Background of the Article
Researchers have successfully induced the differentiation of stem cells into human articular chondrocytes in the lab. In a recent research, April Craft and others generated chondrocyte cells that could form a functional cartilage tissue covering bones at the joints (641). The breakthrough heralds a new era in osteoarthritis therapy, as it is now possible to generate cartilage for joint repair without the need for an invasive joint replacement procedure.
In their research, Craft et al. identified the factors that promote the differentiation of human stem cells into chondrocytes. They activated the TGFβ pathway, a mechanism in the regulation of essential cellular processes, both in a Petri dish and in a model organism. In addition, Craft et al. stimulated a BMP4 signal, a polypeptide involved in the TGFβ pathway, to model the process of cartilage tissue formation in the human body (643). The results show that the stimulation of these two processes in stem cells generates chondrocytes that develop into stable cartilage that can be used to repair joints.
Important Result/Finding of the Study
The study made a groundbreaking discovery of the factors that induce human stem cells to develop into chondrocytes able to differentiate into a stable cartilage tissue (Craft et al. 643). Developing stable chondrocytes from human stem cells had been a challenge and, therefore, the establishment of the necessary conditions for the differentiation process was a breakthrough.
The Potential Impact of the Finding
Human stem cells are inherently pluripotent, i.e., they can form any tissue of the body if subjected to the right conditions. Therefore, the finding that pluripotent stem cells can form cartilage tissue opens a new avenue for the treatment of patients with degenerative joint disorders, such as osteoarthritis. The common medical procedure for treating such patient involves joint replacement surgery, which is often invasive and traumatic. With this discovery, doctors can generate and transplant chondrocytes into a patient to repair damaged joints noninvasively. Therefore, cartilage tissue derived from the chondrocytes can be used to treat degenerative osteoarthritis.
Similar studies have established the potential of pluripotent stem cells to form body tissues by stimulating key cellular processes. Chal et al. studied Duchenne muscular dystrophy (DMD), which is a degenerative disorder of the muscles, by exposing pluripotent cells to specific conditions that promote skeletal muscle development (966). The muscle tissue generated could be grafted into a mouse with DMD. Ogawa et al. also generated ductal structures from cholangiocytes, allowing them to model the development of bile duct disorders in humans (857). The researchers established a protocol for producing cholangiocytes from stem cells.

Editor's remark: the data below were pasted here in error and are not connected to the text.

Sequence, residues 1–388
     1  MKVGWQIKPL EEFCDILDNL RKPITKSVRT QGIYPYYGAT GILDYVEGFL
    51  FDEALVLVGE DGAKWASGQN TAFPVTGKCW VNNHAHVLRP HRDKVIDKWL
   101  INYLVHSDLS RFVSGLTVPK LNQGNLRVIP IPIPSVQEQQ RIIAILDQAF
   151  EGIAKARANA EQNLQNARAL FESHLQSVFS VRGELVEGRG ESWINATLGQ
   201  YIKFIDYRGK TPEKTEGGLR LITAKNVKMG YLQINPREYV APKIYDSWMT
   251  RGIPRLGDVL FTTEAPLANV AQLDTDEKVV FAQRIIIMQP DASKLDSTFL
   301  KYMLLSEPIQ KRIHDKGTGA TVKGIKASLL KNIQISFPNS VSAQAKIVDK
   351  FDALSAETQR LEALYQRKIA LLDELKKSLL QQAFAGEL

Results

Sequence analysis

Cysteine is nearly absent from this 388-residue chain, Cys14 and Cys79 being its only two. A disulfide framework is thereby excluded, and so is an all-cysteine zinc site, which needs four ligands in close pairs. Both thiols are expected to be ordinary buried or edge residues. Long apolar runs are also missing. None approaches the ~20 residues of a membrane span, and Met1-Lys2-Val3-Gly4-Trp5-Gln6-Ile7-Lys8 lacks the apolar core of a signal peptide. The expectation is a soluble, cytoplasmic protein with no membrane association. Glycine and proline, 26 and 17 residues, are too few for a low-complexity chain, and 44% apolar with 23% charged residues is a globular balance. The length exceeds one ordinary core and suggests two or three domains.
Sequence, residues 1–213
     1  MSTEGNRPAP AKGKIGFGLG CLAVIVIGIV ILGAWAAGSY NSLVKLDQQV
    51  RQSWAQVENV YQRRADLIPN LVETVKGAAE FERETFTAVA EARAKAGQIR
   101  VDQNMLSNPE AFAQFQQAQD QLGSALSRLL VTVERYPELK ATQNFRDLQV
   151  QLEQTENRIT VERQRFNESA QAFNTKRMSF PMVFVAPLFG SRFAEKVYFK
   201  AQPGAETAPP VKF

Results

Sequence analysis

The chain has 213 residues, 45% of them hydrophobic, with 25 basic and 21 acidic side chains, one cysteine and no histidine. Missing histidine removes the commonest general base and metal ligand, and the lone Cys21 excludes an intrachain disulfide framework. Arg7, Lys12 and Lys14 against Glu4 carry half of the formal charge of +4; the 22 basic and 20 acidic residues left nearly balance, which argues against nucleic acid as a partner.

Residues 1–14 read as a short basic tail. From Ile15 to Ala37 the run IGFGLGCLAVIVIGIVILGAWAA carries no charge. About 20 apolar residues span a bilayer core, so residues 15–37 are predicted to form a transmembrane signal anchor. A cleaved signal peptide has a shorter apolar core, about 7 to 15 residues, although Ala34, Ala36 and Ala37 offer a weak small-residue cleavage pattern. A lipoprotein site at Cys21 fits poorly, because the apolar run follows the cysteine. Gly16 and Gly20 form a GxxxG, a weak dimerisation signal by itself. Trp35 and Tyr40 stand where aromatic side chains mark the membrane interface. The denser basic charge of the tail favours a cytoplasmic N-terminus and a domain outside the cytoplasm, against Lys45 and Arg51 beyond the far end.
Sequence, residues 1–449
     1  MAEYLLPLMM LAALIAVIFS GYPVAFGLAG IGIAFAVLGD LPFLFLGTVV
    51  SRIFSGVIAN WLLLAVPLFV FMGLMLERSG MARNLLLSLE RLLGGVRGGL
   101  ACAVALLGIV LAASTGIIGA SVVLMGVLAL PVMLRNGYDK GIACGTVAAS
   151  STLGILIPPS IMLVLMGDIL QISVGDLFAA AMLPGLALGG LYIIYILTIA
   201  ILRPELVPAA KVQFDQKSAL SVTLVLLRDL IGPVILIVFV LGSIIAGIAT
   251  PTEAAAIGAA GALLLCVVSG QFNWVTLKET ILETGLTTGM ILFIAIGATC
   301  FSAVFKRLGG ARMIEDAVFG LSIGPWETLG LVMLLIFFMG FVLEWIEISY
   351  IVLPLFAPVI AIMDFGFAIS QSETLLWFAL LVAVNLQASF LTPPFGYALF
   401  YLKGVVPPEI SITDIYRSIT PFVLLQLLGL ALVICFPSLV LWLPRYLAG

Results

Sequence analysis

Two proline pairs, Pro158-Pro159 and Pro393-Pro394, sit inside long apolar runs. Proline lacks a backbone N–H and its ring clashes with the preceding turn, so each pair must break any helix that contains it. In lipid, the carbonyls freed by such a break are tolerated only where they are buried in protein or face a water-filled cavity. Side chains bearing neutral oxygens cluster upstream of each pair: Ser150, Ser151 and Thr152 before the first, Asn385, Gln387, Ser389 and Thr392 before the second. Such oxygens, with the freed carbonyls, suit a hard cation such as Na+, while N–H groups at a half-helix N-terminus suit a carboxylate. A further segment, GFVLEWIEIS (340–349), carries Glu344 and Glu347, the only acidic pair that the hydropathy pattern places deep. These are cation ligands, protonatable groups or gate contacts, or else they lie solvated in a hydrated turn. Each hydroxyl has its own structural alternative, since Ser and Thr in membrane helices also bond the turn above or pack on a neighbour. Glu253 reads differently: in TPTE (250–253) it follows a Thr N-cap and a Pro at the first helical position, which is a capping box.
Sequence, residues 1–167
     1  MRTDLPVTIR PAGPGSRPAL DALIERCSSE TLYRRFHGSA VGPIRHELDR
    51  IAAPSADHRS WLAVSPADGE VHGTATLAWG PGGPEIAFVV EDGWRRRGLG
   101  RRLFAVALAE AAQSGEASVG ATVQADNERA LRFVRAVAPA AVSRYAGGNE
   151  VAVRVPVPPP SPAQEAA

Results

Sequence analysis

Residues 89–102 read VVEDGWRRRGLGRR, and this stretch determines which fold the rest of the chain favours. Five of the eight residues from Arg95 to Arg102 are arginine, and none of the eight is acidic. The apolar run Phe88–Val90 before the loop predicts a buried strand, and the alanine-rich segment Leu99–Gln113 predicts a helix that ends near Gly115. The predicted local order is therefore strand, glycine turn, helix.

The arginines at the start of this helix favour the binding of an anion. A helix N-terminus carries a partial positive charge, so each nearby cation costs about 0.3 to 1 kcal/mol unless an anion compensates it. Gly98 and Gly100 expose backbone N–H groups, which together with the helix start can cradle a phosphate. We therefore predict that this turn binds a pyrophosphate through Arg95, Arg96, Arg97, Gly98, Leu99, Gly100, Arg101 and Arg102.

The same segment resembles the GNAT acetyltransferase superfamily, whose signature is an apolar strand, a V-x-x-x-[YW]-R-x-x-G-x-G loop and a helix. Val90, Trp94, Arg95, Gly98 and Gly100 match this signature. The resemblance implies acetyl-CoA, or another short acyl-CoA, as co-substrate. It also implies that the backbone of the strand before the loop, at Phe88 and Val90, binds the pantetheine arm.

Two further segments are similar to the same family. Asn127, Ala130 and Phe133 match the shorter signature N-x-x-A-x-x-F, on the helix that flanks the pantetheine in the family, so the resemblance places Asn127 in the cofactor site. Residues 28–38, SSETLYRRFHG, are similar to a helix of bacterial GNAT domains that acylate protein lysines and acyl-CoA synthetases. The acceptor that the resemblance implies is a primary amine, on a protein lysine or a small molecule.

Researchers have also been able bioengineer organs from pluripotent human stem cells. A team of researchers led by Xi Ren regenerated the pulmonary vascular system by injecting the vasculature with stem cell-derived endothelial cells (134). They developed a culture protocol for introducing and maturing the endothelial cells within the lungs. In another study, Rezania et al. generated “insulin-producing cells from stem cells” using a seven-stage procedure (1126). The generated cells demonstrated remarkable similarities with beta cells that secrete insulin in non-diabetic individuals. Regulated expression of the genes responsible for cell growth has been used to produce cardiovascular progenitor cells that can differentiate into heart tissue (Birket et al. 976). Thus, stem cells, under appropriate conditions, can develop into any part of the body.
Human stem cells can develop into different cell types that differentiate into specialized body tissues. However, the main problem is how to mimic in vivo conditions in the lab to produce progenitor cells. Additionally, ethical issues prevent the use of stem cells derived from human embryos in disease research.
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